The hard swap design allows for easy detachment and installation of the two fans. They are locked in place by just two clips. You can swap them out for more powerful fans, or even fans with LED lights. It also allows you to easily remove them to clean the blades or even the heatsink fins underneath. Very useful!

The other cool feature is the fans’ auto load-sensing capability. They will automatically adjust their speed according to the workload. During light loads (watching videos, using office applications), the XFX Radeon RX 470 RS Black Edition runs cool enough that both fans do not spin at all, giving you absolute silence. But when you start gaming, the fans start up and increase their speed to meet the demand automatically.

Next Page > Benchmarking Notes, Cooling Performance, Noise Level

 

Support Tech ARP!

If you like our work, you can help support our work by visiting our sponsors, participate in the Tech ARP Forums, or even donate to our fund. Any help you can render is greatly appreciated!

Benchmarking Notes

Our graphics benchmarking test bed has the following specifications :

Operating System : Microsoft Windows 10 64-bit

Processor : Intel Core i7 6700K processor running at 4.0 GHz

Motherboard : ASRock Z170 Extreme4

Memory : 8 GB DDR4-2133 memory (dual-channel)

Storage : 240 GB HyperX Savage SSD

Monitor : Dell P2415Q Ultra HD Monitor

We used the GeForce driver version 372.54 for all three NVIDIA graphics cards, and the Radeon Software 16.8.2 driver for the three AMD graphics cards used in our tests.

 

The XFX Radeon RX 470 RS Black Edition Cooling Performance

The AMD Radeon RX 470 uses the AMD Polaris 10 GPU, which is fabricated on the 14 nm FinFET process. The smaller process technology allows AMD to run the Radeon RX 470 GPU at 1.2 GHz with a TDP of just 120 W. This allows for a much cooler card, and hopefully, better overclocking potential.

With its Ghost 4.0 cooler, the XFX Radeon RX 470 RS Black Edition should deliver significantly better cooling performance than the stock Radeon RX 470 card. While we don’t have one at hand, we do have a number of other AMD and NVIDIA cards. Take a look at their peak exhaust temperature (as measured at their exhaust vents).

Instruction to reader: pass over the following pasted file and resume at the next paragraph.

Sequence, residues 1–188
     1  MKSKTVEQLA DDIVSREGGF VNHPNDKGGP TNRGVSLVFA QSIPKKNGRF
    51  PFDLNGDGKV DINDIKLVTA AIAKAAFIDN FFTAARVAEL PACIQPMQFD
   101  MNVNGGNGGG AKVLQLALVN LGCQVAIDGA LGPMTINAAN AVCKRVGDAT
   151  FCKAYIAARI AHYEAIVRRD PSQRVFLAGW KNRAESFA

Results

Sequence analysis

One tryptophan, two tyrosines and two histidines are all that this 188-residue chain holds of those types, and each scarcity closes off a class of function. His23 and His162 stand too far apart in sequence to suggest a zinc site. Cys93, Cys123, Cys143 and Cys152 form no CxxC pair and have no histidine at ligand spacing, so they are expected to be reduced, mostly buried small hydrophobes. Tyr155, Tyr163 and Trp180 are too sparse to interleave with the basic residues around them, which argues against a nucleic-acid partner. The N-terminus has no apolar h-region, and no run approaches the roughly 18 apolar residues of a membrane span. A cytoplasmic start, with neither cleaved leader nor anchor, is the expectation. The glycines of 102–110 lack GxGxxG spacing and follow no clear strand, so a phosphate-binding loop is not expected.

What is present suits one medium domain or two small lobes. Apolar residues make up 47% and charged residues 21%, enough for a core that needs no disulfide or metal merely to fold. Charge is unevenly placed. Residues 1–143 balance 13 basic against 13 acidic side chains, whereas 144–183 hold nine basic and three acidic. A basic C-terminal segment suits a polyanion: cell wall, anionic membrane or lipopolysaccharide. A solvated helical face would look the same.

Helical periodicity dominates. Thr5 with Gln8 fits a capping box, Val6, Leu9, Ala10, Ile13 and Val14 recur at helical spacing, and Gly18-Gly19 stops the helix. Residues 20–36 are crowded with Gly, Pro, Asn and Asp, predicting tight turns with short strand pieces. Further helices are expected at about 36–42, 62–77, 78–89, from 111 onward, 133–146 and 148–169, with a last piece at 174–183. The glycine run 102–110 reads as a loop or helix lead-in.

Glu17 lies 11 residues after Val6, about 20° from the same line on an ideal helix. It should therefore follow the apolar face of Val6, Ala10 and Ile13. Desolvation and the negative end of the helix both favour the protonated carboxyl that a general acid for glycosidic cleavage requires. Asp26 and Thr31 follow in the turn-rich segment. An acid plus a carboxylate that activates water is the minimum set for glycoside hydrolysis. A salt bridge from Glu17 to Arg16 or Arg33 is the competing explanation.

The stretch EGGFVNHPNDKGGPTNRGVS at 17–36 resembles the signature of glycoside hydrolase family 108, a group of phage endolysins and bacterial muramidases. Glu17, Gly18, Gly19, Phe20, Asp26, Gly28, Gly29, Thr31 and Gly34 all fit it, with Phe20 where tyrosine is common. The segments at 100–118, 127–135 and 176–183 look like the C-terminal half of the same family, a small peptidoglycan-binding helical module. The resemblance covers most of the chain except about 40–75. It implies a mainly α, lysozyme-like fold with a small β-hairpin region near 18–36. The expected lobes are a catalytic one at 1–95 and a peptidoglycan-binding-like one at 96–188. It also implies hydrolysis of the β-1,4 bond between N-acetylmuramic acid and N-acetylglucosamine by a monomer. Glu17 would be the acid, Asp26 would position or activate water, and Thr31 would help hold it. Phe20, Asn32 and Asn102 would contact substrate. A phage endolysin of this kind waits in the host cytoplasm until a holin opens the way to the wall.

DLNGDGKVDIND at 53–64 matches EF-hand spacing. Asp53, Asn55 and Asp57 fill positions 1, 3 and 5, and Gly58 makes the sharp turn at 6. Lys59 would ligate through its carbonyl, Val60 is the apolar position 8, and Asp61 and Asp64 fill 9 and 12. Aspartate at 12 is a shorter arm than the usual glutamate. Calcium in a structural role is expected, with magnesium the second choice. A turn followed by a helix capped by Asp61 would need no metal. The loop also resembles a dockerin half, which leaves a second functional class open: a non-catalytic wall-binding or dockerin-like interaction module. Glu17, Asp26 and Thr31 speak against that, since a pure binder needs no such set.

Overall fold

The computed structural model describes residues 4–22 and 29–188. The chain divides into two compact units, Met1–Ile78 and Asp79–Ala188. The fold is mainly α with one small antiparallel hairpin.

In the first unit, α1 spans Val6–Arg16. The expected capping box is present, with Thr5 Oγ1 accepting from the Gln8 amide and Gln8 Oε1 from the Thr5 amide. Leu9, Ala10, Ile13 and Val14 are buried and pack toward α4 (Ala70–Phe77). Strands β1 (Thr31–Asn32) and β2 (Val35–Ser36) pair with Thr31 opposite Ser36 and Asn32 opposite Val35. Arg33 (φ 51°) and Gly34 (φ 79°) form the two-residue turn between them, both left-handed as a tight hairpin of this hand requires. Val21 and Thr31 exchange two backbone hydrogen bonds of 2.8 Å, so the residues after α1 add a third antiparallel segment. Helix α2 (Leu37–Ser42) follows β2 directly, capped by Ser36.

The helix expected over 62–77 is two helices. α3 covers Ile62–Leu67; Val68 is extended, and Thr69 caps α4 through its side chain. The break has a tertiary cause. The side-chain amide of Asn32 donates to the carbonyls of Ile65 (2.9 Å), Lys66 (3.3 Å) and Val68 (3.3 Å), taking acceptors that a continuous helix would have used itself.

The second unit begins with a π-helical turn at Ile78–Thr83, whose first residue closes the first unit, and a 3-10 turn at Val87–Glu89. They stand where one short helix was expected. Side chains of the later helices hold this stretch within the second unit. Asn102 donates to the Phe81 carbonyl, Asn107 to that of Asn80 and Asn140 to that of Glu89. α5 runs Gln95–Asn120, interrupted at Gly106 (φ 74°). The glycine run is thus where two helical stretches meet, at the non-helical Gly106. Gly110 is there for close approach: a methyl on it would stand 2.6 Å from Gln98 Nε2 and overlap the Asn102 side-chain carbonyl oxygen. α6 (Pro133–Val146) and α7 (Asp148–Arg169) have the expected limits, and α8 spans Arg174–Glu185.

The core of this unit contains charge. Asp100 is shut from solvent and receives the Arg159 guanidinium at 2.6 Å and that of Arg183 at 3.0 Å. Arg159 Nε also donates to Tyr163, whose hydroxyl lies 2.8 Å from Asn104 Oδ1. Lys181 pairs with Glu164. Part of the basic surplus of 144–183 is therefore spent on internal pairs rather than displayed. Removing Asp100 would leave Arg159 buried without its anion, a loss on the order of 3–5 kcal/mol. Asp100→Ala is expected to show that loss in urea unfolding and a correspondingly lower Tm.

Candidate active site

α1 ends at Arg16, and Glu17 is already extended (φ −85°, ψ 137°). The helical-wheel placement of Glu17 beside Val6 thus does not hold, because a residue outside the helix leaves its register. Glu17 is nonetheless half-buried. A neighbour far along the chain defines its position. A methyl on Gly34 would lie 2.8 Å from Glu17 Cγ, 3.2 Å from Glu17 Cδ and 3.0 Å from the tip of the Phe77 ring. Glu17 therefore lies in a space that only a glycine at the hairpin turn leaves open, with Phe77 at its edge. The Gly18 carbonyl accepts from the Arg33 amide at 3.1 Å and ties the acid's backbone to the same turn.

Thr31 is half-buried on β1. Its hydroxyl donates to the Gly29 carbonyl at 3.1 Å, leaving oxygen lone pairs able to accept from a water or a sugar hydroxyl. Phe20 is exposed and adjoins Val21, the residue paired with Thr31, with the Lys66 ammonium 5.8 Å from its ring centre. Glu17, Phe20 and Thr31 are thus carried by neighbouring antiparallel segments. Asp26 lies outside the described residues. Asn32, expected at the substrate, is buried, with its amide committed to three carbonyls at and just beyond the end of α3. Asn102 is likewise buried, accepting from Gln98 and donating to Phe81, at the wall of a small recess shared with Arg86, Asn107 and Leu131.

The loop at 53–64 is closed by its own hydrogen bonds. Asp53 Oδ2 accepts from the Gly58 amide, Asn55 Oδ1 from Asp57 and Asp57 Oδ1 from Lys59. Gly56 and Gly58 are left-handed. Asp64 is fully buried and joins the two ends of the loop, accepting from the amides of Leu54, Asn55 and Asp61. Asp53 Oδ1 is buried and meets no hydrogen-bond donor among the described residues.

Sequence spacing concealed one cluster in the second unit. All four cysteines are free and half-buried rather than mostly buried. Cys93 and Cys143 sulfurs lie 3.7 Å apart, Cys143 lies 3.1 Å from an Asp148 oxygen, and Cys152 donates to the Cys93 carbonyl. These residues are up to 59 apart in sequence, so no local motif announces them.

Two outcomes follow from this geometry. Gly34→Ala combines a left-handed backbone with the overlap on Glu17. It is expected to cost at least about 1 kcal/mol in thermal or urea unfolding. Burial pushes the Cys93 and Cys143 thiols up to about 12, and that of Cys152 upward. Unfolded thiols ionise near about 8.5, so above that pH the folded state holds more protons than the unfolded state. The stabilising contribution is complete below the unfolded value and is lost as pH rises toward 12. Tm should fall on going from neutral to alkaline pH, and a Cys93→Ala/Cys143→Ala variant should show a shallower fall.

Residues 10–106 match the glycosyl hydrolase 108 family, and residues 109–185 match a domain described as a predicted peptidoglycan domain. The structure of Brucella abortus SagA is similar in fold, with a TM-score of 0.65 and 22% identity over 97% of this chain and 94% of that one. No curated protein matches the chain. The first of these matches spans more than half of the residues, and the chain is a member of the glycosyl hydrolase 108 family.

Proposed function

Note that these are not the recorded temperatures, but how much hotter the exhaust air is above ambient temperature.

The XFX Radeon RX 470 RS Black Edition is a surprisingly cool-running card, producing much cooler exhaust air than the Radeon RX 480, or the GeForce GTX 1060. There is a reason for this though, which we will examine in the next section…

[adrotate banner=”5″]

 

The XFX Radeon RX 470 RS Black Edition Noise Level

We recorded the XFX Radeon RX 470 RS Black Edition as it was running the 3DMark Fire Strike Ultra benchmark for the third time.

As you can hear, the two fans do produce a considerable amount of noise. That is the secret (and downside) to its significantly better cooling performance. Of course, this is an open testbed, so the noise will be muted in an enclosed chassis.

Next Page > 3DMark DirectX 12 & Direct 11 Benchmark Results

 

Support Tech ARP!

If you like our work, you can help support our work by visiting our sponsors, participate in the Tech ARP Forums, or even donate to our fund. Any help you can render is greatly appreciated!

3DMark DirectX 12 Benchmark (2560 x 1440)

3DMark Time Spy is a new DirectX 12 benchmark that supports new API features like asynchronous compute, explicit multi-adapter, and multi-threading.

The XFX Radeon RX 470 RS Black Edition is about 35% faster than the Radeon R9 380 – amazing performance for a card that costs just US$ 219. In fact, it is just 8% slower than the AMD Radeon RX 480 (8 GB), and 12% slower than the NVIDIA GeForce GTX 1060!

 

3DMark (1920 x 1080)

For Direct 11 performance, we started testing the graphics cards using 3DMark at the most common gaming resolution – 1920 x 1080.

The XFX Radeon RX 470 RS Black Edition was 40% faster than the Radeon R9 380. That puts it just 7% slower than the Radeon RX 480 (8 GB).

[adrotate banner=”5″]

 

3DMark (2560 x 1440)

Then we took 3DMark up a notch to the resolution of 2560 x 1440. Let’s take a look!